Restoring the Crown #5: Clearing the Tricky "Model Year" Hurdle


This series explores the project to restore a first-generation Crown, a car that embodies Toyota's origins. Part 5 deals with the issue of model years, an unavoidable factor in the restoration of old cars.

What’s our end goal?

For the many team members who were new to restoration, the model year issue proved all the more agonizing for their lack of experience.

It was not enough to simply make a good car—their choices were dictated by the vehicle’s history.

That said, everyone on the project team approached their work with a shared mindset.

They were determined to fulfill the wishes of the customer who had provided the Crown, who hoped to see it returned perfectly to its former glory as only Toyota could, through the combined efforts of those who make the cars of today.

To achieve this goal, the team would not stop at restoring the car to its original condition. Through modern means, they sought to take the Crown beyond the factory model, ensuring that it can remain on the road for many years to come.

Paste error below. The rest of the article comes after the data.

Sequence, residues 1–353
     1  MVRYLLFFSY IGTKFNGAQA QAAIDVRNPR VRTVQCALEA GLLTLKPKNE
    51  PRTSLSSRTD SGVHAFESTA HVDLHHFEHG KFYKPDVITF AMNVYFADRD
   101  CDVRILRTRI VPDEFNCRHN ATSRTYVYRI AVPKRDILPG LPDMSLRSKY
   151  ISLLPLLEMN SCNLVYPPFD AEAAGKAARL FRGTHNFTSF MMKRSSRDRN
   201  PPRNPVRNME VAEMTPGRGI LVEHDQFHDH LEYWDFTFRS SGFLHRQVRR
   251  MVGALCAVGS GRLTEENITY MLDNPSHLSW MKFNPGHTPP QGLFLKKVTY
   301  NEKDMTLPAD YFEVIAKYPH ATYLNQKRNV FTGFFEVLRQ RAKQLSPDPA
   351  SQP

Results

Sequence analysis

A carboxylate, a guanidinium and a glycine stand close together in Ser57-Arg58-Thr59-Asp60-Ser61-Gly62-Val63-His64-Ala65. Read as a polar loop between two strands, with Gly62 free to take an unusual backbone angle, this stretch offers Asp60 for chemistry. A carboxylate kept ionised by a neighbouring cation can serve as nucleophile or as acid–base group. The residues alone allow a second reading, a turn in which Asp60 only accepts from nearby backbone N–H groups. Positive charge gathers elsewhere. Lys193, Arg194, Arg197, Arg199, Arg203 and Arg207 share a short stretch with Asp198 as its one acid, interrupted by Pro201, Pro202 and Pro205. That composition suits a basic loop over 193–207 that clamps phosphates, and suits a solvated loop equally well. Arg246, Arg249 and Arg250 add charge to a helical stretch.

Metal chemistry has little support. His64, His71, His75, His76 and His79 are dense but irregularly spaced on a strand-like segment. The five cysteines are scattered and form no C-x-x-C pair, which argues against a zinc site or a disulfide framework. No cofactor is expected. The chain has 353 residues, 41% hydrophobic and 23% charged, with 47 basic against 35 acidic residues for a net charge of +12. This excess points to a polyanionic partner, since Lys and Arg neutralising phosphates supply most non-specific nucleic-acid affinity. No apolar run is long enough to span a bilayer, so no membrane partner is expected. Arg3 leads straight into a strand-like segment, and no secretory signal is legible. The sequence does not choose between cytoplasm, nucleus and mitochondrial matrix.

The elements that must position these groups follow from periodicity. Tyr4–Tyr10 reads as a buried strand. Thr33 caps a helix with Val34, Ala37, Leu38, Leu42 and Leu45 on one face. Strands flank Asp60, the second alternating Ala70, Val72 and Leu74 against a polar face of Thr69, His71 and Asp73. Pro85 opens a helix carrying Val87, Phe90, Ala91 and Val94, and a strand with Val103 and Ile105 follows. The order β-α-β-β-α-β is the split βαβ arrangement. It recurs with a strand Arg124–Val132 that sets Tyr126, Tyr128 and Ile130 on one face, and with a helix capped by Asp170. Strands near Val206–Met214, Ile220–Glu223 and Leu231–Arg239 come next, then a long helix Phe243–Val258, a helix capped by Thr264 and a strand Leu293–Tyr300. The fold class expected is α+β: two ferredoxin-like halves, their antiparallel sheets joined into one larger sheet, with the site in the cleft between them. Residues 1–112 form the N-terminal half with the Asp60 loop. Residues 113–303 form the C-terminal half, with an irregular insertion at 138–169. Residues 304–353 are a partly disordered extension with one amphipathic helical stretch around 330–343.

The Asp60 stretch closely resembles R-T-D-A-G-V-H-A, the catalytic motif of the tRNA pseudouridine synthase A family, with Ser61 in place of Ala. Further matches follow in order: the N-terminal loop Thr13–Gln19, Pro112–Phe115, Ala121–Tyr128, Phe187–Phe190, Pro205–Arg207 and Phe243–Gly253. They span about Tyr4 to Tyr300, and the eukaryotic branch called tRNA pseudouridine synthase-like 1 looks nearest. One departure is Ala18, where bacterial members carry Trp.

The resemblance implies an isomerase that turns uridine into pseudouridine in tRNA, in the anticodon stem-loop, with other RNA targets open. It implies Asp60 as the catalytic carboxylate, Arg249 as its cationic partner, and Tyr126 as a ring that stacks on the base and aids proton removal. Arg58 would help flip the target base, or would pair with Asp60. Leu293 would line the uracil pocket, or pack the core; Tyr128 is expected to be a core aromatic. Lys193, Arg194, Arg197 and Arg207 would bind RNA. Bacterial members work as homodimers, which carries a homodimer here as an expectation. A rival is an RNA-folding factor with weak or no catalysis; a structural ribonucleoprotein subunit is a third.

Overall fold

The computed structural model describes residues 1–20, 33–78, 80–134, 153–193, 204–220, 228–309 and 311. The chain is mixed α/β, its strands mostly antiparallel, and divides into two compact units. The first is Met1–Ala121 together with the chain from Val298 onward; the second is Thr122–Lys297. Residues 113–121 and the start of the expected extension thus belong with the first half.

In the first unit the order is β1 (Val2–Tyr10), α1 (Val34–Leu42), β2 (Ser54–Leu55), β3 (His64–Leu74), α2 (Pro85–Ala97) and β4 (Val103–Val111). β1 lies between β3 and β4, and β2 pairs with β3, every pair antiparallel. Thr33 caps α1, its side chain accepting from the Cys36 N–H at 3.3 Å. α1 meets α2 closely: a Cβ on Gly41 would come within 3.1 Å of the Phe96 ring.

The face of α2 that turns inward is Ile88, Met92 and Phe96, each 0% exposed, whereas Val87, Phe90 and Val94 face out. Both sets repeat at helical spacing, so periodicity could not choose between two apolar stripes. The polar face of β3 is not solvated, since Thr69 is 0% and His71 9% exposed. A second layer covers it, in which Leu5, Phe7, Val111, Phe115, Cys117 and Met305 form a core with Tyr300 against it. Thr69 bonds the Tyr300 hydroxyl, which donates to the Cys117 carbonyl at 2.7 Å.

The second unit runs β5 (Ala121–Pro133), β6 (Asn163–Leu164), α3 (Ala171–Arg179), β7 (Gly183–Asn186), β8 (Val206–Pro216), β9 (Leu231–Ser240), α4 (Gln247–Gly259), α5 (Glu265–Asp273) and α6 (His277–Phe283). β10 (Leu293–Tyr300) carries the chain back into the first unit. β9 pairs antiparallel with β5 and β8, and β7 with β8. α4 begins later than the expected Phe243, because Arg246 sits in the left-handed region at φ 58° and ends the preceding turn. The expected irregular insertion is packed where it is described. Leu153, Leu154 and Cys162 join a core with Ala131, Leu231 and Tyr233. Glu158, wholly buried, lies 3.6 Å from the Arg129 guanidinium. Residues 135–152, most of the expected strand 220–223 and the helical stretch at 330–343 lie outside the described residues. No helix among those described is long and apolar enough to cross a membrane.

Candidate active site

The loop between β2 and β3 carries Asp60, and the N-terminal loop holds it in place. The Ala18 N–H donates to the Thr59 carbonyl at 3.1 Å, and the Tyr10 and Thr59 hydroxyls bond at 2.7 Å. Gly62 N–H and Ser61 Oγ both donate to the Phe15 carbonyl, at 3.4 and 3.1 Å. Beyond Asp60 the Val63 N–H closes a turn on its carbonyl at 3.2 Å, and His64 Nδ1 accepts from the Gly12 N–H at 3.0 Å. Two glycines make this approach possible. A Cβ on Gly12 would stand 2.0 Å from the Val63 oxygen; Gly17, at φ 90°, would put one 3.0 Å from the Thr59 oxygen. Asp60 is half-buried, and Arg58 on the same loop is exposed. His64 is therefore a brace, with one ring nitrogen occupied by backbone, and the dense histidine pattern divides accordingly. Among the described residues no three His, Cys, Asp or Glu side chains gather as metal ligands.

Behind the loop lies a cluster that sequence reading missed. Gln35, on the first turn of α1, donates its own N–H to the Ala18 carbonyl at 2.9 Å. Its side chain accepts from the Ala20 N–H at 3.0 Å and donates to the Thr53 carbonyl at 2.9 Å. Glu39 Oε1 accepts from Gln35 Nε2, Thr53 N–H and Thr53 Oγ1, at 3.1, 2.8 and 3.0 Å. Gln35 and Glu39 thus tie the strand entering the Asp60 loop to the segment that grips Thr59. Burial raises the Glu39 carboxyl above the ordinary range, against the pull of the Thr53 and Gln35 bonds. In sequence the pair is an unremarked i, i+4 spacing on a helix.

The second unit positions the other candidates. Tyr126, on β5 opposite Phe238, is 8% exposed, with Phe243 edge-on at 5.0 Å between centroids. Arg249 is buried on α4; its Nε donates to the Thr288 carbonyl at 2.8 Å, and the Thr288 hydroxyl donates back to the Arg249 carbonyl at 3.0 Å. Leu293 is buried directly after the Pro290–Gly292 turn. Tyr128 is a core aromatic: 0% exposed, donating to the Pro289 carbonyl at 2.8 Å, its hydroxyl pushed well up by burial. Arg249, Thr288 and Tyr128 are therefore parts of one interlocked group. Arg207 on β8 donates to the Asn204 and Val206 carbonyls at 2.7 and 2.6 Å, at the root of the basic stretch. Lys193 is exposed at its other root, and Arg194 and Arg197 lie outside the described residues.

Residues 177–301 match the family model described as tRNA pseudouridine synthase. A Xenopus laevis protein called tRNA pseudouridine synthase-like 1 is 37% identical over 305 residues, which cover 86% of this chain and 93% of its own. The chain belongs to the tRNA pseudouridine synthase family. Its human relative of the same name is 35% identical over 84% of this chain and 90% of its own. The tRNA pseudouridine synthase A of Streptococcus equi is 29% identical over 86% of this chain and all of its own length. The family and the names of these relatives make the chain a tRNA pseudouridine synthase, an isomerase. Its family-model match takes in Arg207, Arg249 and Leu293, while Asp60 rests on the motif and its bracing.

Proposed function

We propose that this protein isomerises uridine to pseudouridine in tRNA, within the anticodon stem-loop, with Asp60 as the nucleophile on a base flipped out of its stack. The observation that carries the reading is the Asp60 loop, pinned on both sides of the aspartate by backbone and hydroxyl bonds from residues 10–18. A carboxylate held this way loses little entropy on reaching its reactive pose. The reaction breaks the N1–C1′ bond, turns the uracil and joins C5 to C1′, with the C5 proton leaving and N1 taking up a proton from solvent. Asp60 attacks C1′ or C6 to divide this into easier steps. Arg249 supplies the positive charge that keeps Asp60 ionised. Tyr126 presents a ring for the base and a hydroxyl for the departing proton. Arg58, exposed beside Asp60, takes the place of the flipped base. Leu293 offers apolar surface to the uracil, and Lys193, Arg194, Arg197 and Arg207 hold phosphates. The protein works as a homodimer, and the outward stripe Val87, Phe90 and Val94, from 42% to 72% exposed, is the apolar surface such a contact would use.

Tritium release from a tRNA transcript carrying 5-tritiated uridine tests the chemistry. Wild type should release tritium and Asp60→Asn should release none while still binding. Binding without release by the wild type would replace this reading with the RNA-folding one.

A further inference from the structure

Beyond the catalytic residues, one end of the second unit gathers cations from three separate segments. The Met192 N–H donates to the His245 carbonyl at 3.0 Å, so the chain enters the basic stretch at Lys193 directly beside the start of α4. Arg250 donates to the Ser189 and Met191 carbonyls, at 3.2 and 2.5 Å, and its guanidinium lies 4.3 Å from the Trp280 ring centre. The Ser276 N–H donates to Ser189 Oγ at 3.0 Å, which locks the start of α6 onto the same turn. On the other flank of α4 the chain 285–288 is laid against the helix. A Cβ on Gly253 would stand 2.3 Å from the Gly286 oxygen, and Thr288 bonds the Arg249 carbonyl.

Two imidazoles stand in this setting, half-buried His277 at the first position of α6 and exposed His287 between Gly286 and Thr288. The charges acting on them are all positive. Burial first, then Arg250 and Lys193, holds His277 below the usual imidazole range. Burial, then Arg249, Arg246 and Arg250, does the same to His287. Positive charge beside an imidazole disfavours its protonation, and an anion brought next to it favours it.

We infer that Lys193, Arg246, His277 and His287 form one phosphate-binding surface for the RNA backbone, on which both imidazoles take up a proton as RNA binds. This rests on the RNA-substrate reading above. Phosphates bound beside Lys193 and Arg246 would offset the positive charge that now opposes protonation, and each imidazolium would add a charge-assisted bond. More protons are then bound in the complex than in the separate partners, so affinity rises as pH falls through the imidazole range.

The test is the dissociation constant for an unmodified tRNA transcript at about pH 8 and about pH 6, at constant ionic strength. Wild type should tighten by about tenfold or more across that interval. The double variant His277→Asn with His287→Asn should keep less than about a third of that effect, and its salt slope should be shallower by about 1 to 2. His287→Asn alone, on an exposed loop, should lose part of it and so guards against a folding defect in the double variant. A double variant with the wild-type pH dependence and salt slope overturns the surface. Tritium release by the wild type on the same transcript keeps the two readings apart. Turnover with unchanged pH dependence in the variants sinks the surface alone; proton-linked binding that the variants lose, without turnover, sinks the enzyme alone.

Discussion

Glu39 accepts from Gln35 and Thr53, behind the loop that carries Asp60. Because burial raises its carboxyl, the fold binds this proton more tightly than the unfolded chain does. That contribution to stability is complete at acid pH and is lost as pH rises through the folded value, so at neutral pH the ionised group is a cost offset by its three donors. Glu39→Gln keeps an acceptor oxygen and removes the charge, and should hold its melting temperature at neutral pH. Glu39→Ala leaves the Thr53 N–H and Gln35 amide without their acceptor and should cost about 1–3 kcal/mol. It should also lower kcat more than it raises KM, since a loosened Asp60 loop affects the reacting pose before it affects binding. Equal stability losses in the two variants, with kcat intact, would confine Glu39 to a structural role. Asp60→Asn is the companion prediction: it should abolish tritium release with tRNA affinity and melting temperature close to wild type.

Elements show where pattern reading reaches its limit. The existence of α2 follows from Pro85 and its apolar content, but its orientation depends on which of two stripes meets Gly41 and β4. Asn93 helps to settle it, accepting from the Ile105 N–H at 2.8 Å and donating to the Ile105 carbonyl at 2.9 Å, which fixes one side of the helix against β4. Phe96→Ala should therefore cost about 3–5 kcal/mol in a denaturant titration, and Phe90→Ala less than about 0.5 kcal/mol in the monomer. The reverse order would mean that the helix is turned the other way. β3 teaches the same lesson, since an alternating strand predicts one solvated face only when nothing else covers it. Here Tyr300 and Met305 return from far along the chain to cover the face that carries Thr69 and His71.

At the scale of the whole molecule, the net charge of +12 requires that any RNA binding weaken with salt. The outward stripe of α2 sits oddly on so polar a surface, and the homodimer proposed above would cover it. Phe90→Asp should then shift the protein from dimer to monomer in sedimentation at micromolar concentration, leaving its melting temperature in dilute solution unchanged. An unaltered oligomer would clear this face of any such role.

As showcased in Part 4, the cationic electrodeposition coating used on the Crown’s chassis and body is one outcome of the pioneering efforts that came from this mindset. But without setting a clear finish line, the restoration work could go on indefinitely.

And no matter which version of the car they set out to build, above all, the team had to understand that true restoration is about achieving the correct form and specifications.

The project’s coordinators surveyed every existing first-generation Crown they could find, from the restored vehicles on display at the Toyota Automobile Museum to cars that had hardly been touched and remained largely in original condition.

They also worked hard to pin down factory specifications by diligently checking first-generation Crown parts listed on online auction sites and directly visiting the manufacturers who had been supplying genuine parts since the Crown’s earliest days.